googlef87758e9b6df9bec.html A Sure Word: The Resurrection is Not Like the Easter Bunny – but it is Like Jonah.

Saturday, March 30, 2013

The Resurrection is Not Like the Easter Bunny – but it is Like Jonah.

Then some of the Pharisees and teachers of the law said to him, “Teacher, we want to see a sign from you.” He answered, “A wicked and adulterous generation asks for a sign! But none will be given it except the sign of the prophet Jonah. For as Jonah was three days and three nights in the belly of a huge fish, so the Son of Man will be three days and three nights in the heart of the earth.””
Matthew 12:38-40

When the Pharisees asked Jesus for a sign to validate the authority of what He taught, He promised them only one sign, the sign of His resurrection. Interestingly, He compared His resurrection to the Old Testament account of Jonah. In the same way that Jonah was in the belly of the sea creature for three days, Jesus would be in the tomb for three days.

Jesus often used familiar events from the Old Testament to teach the New Testament believers about Himself. Consider this passage where Jesus talks about His second coming:

As it was in the days of Noah, so it will be at the coming of the Son of Man. For in the days before the flood, people were eating and drinking, marrying and giving in marriage, up to the day Noah entered the ark; and they knew nothing about what would happen until the flood came and took them all away. That is how it will be at the coming of the Son of Man.”
Matthew 27:37-39

Let's think about these analogies for a moment. I've heard many liberal Christians claim that many, most, or even all of the fantastic “stories” in the Old Testament are just that – stories. Jonah did not live inside a whale. David did not kill a 9 feet tall giant. Noah didn't really build an ark. Moses did not really part the Red Sea. What's more, most of these liberal Christians not only deny the event, they also deny the characters. There was no Jonah. There was no David. There was no Noah. There was no Moses. All of these events, and even all of these people, are just analogies. They're parables – just like the parables that Jesus taught. They teach a spiritual truth but weren't physical realities.

Here's the dilemma that I see. If Jonah was a parable, then is the resurrection also a parable? Did Jesus really rise from the dead after three days or does the Bible only say He rose from the dead in order to teach some “spiritual truth”? Likewise, how do we know that Jesus is literally coming again? If the Flood didn't literally happen, then maybe the Second Coming is just another parable that Jesus told.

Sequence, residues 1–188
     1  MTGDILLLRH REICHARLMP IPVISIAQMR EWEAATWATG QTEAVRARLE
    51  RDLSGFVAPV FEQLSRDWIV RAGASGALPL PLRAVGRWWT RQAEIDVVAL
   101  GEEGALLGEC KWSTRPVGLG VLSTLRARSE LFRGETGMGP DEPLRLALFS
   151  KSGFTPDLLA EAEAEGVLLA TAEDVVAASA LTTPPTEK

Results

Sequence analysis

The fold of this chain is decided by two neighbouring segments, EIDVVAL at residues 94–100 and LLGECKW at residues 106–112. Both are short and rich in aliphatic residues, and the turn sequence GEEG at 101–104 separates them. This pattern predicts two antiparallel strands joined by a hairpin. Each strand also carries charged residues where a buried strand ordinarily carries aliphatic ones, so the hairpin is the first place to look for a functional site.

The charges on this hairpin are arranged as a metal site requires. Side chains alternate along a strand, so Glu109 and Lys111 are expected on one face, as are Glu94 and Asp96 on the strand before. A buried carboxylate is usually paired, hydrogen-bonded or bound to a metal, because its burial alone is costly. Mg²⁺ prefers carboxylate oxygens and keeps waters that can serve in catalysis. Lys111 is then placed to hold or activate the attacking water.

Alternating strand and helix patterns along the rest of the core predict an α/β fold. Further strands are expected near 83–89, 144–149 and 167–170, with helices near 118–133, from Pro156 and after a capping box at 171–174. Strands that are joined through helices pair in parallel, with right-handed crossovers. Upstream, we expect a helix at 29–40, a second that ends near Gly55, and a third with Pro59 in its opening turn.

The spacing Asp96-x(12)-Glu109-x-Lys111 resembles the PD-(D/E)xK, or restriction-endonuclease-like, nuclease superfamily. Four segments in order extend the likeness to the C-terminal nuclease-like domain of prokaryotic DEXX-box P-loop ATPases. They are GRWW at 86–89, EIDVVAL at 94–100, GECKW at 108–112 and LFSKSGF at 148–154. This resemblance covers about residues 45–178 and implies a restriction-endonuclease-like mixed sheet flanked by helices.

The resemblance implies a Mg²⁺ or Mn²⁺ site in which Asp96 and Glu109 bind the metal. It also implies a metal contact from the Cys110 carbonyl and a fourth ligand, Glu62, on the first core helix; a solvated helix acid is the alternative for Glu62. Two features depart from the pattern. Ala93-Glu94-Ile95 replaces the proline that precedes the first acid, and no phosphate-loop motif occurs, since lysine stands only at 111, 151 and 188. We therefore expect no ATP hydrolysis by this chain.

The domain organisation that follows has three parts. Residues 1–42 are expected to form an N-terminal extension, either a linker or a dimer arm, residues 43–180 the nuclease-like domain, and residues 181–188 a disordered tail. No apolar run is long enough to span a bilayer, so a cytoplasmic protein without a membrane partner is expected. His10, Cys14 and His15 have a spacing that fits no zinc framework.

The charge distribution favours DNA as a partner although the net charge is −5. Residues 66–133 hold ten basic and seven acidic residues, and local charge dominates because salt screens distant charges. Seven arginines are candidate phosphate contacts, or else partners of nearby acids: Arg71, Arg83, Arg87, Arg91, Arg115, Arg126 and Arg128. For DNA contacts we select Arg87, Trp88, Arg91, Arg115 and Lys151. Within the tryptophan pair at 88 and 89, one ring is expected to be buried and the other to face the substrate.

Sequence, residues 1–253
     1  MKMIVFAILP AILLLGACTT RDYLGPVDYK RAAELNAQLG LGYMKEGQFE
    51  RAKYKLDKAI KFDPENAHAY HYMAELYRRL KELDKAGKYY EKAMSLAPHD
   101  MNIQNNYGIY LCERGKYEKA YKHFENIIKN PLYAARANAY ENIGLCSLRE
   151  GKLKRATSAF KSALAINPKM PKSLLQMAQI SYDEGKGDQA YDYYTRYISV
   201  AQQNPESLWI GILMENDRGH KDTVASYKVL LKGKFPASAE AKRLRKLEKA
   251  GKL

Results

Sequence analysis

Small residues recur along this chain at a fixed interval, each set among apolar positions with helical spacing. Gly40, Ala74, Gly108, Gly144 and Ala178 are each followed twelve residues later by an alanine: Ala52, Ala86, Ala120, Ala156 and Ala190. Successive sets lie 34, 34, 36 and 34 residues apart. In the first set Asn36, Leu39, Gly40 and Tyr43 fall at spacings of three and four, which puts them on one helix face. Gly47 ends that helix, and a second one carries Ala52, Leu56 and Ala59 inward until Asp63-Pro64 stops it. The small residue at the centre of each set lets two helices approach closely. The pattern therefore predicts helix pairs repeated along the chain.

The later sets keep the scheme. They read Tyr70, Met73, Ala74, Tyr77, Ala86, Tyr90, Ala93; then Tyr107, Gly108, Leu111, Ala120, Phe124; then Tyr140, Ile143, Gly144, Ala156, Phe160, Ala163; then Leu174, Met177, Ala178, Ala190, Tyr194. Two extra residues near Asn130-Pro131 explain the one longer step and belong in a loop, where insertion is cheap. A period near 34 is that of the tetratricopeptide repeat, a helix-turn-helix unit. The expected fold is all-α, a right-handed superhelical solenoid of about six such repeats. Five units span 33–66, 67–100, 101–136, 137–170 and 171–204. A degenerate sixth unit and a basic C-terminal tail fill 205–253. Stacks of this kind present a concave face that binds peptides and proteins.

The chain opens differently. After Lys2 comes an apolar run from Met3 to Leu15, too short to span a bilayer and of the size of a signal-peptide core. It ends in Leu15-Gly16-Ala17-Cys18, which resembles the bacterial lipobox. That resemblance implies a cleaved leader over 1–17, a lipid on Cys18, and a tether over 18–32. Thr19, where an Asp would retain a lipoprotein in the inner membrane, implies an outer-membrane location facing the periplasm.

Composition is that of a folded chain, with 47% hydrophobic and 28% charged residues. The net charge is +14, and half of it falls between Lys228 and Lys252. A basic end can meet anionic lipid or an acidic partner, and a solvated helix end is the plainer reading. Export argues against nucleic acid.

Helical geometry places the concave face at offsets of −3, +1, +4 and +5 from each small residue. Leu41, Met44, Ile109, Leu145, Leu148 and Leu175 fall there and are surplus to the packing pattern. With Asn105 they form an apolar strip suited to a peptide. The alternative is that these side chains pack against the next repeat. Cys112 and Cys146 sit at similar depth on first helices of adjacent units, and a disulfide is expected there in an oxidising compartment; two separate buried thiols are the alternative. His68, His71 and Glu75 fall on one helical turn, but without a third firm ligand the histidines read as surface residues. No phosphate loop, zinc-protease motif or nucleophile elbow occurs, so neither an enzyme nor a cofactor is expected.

Would it really make any sense for Jesus to compare a real event to an incredible one? Remember, this is more than a simple analogy.  Using a hypothetical example that someone can understand is a powerful, rhetorical tool.  But in these cases, we're talking about fantastic events.  What if I said, “Just like the Easter Bunny hides eggs for children to find, we also should his His words in our hearts”? Or maybe, “We exchange gifts at Christmas because Santa brings gifts every Christmas”? You can see how comparing a literal truth to a fictional account can actually diminish the point being made.

Furthermore, if we begin assigning the label of “parable” to any event or person we find too incredible, then on what grounds can we claim any part of the Bible is true? How do we know, for example, that Jesus Himself was a real person? After all, if Jonah wasn't real, and if Noah wasn't real, then how do we know Jesus was indeed a real person in history? Maybe the entire Person of Jesus is an analogy meant to represent God's presence among His people.

Believing that events from the Old Testament events are myths has consequences when considering New Testament events. How can someone claim to believe in a literal Second Coming if he refuses to believe in a literal Flood? If someone believes that Jonah wasn't really in a fish three days, then how can he believe Jesus was really in the tomb three days? To what literary clues can he point to distinguish between myth and reality (besides his own credulity)?

I believe the plain reading of the words of the Bible conveys the most obvious meaning. Simply hermeneutics tells us when Jesus is speaking in parables and when He is speaking about real events. The Second Coming is a real event. The Flood was a real event. Any attempt to allegorize some events in the Bible while affirming others is nothing more than special pleading.

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